6 Strategies for Credit Unions to Better Meet Member Needs
6 Strategies for Credit Unions to Better Meet Member Needs
Credit unions are known to provide personalized service and focus on the unique needs of their members. For many members, this dedicated service is now even more important as consumers continue to face financial stress. From high interest rates, to inflation, to student loan payments, to unexpected expenses, today’s consumers are under a lot of pressure.
Consumers expect a lot from their financial institutions, and credit union members are no exception. Members may want help managing their credit and outstanding debts. They want competitive rates for their borrowing needs. They want investment advice. They also want the business they provide to their credit union to be appreciated. The list goes on.
What are some new ways that credit unions can provide their members with value-add, personalized services? How can they grow member engagement, deepen the relationship, and build loyalty? And how can they help their members manage financial pressure?
Here are six ways that credit unions can advance the member relationship and help members cope with financial stress.
1. Offer a pathway to help members improve their credit score
Consumers are looking to their financial providers for help in managing their finances and their credit. The vast majority of consumers – almost 80% – want their financial providers to help them improve their financial health. Yet, only 14% feel they are being helped.1
One way that credit unions can help their members improve their financial health is to offer a digital credit assistant solution. This can provide members with specific, statistically-proven pathways to improve credit scores. For example, the assistant may offer suggestions such as:
Avoid late payments
Pay off collections accounts
Keep revolving account balances below $1,000
Keep utilization to 15% on credit card accounts
Do not open any new accounts in the next 12 months
Members that use this type of service often check back to track the impact of their actions on their credit scores. This brings them back to your website and digital app where they are more likely to notice additional products and promotions from your organization.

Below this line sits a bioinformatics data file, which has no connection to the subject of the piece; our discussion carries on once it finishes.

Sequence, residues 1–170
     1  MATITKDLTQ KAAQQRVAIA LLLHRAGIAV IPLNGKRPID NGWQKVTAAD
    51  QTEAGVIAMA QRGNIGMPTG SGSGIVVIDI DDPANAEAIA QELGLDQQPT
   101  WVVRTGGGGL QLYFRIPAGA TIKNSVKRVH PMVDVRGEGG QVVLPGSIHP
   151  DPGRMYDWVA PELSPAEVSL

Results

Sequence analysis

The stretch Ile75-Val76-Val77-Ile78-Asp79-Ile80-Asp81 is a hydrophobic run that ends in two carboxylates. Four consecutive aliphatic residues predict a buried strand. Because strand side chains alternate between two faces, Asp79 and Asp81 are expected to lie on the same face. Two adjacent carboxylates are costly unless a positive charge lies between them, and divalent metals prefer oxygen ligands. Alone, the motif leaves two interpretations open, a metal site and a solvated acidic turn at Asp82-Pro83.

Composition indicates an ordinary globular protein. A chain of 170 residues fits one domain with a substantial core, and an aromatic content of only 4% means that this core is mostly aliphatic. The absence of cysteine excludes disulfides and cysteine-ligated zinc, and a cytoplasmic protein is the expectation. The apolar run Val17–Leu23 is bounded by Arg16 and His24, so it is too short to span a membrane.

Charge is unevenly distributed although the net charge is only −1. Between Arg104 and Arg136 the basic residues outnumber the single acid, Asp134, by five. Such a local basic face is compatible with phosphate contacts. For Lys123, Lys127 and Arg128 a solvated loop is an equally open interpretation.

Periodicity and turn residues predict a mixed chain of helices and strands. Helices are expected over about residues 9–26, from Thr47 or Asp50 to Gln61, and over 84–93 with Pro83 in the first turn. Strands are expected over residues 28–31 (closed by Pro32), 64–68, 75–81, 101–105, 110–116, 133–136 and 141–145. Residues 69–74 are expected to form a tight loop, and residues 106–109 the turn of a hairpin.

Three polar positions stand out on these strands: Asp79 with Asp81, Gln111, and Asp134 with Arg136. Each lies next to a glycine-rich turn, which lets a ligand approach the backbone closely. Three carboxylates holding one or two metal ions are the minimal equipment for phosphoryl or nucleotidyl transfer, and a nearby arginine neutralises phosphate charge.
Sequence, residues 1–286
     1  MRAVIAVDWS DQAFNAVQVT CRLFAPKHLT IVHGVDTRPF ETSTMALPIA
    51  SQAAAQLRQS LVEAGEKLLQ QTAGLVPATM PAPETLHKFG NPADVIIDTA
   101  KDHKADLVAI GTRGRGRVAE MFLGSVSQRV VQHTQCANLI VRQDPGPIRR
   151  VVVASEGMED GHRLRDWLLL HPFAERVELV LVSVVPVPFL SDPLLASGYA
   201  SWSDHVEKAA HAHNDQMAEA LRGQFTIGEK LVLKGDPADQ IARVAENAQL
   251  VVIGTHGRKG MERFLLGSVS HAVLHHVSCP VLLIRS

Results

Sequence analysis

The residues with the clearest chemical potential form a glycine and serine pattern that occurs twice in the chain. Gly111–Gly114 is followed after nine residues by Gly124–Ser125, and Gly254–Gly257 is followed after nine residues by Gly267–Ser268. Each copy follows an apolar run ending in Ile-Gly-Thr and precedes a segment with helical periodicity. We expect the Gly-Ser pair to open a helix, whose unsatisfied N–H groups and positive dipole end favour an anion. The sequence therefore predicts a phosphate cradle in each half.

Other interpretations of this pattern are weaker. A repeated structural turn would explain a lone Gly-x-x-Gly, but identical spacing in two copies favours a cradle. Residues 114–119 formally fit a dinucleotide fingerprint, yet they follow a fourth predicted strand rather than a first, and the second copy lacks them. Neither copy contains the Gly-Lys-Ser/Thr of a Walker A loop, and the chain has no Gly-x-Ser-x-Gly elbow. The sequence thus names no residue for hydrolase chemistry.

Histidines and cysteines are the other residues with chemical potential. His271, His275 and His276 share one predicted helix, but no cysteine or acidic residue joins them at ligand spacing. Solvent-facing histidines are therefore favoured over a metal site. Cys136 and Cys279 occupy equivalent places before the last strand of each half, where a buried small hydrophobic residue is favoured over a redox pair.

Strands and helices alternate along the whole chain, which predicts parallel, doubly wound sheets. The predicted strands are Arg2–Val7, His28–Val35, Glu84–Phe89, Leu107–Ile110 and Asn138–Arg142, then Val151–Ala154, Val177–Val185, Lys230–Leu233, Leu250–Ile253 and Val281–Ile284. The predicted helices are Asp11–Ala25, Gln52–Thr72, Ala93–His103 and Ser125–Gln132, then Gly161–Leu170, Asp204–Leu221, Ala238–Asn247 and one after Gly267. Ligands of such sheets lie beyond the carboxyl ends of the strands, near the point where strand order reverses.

2. Provide a value-add service to help members protect personal information
Did you know that the average person has personal information exposed on 35+ sites? And that this equates to over 300 pieces of personal data exposed per person?2
All this exposed data could put your members in some uncomfortable, annoying situations. These might include physical harm (such as coming to one’s home), digital harm (such as identity theft or hacking accounts), and increased spam.
To help, credit unions can offer a personal information protection solution. With this, consumers can be notified of exactly what data has been exposed and where. Once consumers try this application, they will often return to your site to keep checking for updates. This helps increase engagement and provides the opportunity to promote additional services.
To go further, credit unions can offer an add-on that enables members to have exposed data removed. And they can have it re-removed since data is often re-exposed on the same sites two to three times per year. About 10%-20% of consumers will sign up for this type of subscription-based removal and monitoring service.3 This could result in significant incremental revenue for your credit union.
Tip: Your employees might also enjoy a credit assistant or personal information protection solution! Both of these solutions are great benefits that you can provide to your team.
3. Provide competitive credit offers at just the right time
Most consumers shop around a bit when they are searching for new credit. Whether it's a new credit card, an auto loan, a mortgage, or other personal loan. The question is, would you know if your members are shopping around?